“A $0.37 diesel fuel tax increase---equivalent to a carbon tax of $36 per metric ton of CO2---significantly reduces pollution, congestion, and the total number of truck-involved collisions by over 4,100 crashes annually,” Nehiba said. “Unfortunately, these benefits are more than offset by an increase of 7,495 fatal collisions.”

Cumulatively, the diesel tax is shown to increase the external costs of trucking by $55.7 billion annually in the U.S., while also creating deadweight loss in the trucking industry.

The results suggest that truck weight is a first-order policy concern, and that policies that directly price truck weight, like an axle-weight-mile tax, would dominate the currently used diesel taxes. By jointly pricing mileage and weight, such a tax would be able to deliver pollution and congestion reductions similar to a diesel tax, while also saving lives and preserving roads by reducing truck weights.
cover of book the offshore pipeline construction industry
Kaiser Authors Offshore Pipeline Text

CES Professor Mark Kaiser has authored The Offshore Pipeline Construction Industry: Activity Modeling and Cost Estimation in the United States Gulf of Mexico (Gulf Professional Publishing, 2020). The book presents technical concepts and economic calculations to help pipeline engineers to better understand the choices and alternatives in designing, constructing, and operating offshore pipelines. 
Subjects include flow assurance, development strategies, and the construction service side from a global perspective, with special focus on assets in the U.S. Gulf of Mexico. Kaiser also examines pipeline construction and decommissioning cost, estimation methods, and pipeline trends related to installation and decommissioning activity.

prof wang and abhp logo
Wang Named Chair of American Board of Health Physics

Wei-Hsung Wang, LSU Center for Energy Studies professor and Radiation Safety Office director, has been appointed chair of the American Board of Health Physics (ABHP) for 2021. Wang was installed as a board member of the ABHP in 2019 and currently serves as vice chair. The ABHP grants professional certification in the field of health physics. The certification process is accredited by the Council of Engineering and Scientific Specialty Boards.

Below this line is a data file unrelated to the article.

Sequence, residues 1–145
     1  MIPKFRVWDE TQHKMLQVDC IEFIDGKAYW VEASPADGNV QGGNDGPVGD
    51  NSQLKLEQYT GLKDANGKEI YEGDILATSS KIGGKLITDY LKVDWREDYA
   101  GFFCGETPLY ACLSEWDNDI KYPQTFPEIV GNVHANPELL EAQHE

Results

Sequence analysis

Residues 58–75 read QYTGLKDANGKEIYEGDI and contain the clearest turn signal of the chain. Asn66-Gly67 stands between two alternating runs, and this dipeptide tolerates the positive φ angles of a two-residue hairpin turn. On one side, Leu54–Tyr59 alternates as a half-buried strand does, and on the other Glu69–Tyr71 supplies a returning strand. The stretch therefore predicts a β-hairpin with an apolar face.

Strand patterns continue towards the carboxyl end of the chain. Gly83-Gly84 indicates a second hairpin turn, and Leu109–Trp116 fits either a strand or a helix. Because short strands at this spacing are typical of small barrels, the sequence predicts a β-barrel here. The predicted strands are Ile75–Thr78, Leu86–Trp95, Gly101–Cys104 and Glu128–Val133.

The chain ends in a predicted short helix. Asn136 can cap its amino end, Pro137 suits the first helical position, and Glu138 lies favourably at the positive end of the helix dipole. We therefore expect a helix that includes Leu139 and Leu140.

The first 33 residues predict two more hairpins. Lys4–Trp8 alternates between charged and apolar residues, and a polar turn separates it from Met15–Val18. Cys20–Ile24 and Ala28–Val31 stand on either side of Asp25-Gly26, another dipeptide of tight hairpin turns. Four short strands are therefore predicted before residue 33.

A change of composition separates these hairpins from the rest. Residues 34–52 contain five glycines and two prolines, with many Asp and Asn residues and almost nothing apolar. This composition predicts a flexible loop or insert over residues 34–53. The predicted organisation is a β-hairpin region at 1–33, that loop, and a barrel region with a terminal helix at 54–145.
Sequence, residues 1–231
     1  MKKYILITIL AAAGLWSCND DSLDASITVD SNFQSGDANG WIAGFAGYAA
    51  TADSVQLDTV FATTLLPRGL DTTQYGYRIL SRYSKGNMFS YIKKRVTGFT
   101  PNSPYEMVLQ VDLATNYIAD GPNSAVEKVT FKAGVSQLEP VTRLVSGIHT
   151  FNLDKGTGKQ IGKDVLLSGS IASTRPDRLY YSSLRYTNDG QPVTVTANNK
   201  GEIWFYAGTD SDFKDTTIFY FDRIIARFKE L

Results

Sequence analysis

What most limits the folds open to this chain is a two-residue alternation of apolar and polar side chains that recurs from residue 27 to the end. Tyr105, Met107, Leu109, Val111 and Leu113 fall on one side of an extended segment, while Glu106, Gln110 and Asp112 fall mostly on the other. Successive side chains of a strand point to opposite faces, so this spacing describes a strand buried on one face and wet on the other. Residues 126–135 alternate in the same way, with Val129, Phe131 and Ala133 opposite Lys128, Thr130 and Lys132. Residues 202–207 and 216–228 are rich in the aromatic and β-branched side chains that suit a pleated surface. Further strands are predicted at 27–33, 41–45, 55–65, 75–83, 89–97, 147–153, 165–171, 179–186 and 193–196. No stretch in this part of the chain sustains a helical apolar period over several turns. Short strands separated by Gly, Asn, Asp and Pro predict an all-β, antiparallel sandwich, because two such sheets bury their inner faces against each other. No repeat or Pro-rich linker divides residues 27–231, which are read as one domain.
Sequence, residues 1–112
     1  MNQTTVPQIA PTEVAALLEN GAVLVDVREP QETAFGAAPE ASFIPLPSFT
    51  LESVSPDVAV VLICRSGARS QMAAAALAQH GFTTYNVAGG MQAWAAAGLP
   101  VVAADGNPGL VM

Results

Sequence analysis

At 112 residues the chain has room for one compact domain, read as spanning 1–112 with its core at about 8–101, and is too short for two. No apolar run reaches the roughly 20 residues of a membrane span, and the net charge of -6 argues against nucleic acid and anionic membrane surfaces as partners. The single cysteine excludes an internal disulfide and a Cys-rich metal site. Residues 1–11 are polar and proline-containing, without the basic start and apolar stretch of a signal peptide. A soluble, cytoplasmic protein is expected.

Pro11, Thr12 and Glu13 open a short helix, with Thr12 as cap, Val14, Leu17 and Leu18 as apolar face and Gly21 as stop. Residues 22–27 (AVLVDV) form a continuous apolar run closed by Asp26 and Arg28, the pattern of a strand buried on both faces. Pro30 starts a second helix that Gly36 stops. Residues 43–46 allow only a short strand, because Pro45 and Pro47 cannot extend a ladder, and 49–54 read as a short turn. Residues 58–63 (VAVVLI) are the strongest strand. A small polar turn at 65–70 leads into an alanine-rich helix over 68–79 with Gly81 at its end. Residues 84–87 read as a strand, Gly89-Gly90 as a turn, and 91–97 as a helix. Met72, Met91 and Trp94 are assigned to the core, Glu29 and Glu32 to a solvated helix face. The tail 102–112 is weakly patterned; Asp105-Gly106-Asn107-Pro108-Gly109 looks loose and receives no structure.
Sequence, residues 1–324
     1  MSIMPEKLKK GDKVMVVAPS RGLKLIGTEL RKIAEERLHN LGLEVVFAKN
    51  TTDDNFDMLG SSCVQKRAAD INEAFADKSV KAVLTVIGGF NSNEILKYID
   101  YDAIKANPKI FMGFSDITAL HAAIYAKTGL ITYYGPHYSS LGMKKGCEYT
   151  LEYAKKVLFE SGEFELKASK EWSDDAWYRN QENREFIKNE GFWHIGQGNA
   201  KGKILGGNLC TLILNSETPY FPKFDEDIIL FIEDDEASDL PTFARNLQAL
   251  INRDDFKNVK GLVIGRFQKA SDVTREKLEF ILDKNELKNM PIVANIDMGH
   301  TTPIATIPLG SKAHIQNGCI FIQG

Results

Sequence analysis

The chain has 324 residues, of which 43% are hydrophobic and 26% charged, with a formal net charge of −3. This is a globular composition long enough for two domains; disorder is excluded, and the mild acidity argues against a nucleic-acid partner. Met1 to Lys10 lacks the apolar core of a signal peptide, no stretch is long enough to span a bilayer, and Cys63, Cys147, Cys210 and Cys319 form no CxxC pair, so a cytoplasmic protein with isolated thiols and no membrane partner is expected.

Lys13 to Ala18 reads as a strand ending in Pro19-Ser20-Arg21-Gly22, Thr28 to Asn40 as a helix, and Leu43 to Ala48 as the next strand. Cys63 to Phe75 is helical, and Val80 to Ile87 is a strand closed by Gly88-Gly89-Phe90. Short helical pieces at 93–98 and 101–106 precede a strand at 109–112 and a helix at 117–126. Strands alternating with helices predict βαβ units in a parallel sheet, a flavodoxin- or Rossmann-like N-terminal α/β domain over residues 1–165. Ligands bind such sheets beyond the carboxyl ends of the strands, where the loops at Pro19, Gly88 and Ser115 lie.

“I am grateful for the opportunity to serve as chair of the ABHP, which plays a vital role in assuring the highest standards in the practice of health physics and advancing the profession of health physics,” Wang said.

The ABHP board includes representatives from the Mayo Clinic, Philips Healthcare, Tidewater, Inc., the U.S. Nuclear Regulatory Commission, and Y-12 National Security Complex. Wang is the only board member from academia. His term as a board member ends in 2023.

About health physics: Health physics is the area of public health and environmental health engineering that deals with the safe use of ionizing and non-ionizing radiation in order to prevent harmful effects of the radiation to individuals, population groups, and the biosphere via the application of diverse scientific principles. Health physicists are responsible for the safety and security aspects in the design of processes, equipment, and facilities utilizing radiation sources, as well as for the adequate disposal of radioactive waste, ensuring that radiation exposure to personnel is minimized and is at all times within regulatory limits.

CES faculty have been quoted in and/or interviewed by media outlets more than 60 times, so far this year, on topics including the pandemic, oil prices, the presidential election, the Gulf Coast Energy Outlook, and more.

CES Events Update

The Center continues to follow University policy regarding on-site meetings and conferences. At this time, no in-person events are planned. The annual Energy Summit, which had been rescheduled to be a spring 2021 event, even before the pandemic began, will likely be presented virtually in late spring. Check the Center's Upcoming Events page for updates.
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Remember 2019?
Take a look back with the CES Annual Report, featuring research highlights, faculty achievements, and departmental updates.